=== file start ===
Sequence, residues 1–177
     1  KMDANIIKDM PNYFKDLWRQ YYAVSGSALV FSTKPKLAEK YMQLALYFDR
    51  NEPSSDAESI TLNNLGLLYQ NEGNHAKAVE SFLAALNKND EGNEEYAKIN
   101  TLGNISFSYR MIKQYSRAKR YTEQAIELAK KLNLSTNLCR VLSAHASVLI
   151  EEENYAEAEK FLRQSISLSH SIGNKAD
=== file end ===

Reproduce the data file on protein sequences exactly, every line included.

Sequence, residues 1–177
     1  KMDANIIKDM PNYFKDLWRQ YYAVSGSALV FSTKPKLAEK YMQLALYFDR
    51  NEPSSDAESI TLNNLGLLYQ NEGNHAKAVE SFLAALNKND EGNEEYAKIN
   101  TLGNISFSYR MIKQYSRAKR YTEQAIELAK KLNLSTNLCR VLSAHASVLI
   151  EEENYAEAEK FLRQSISLSH SIGNKAD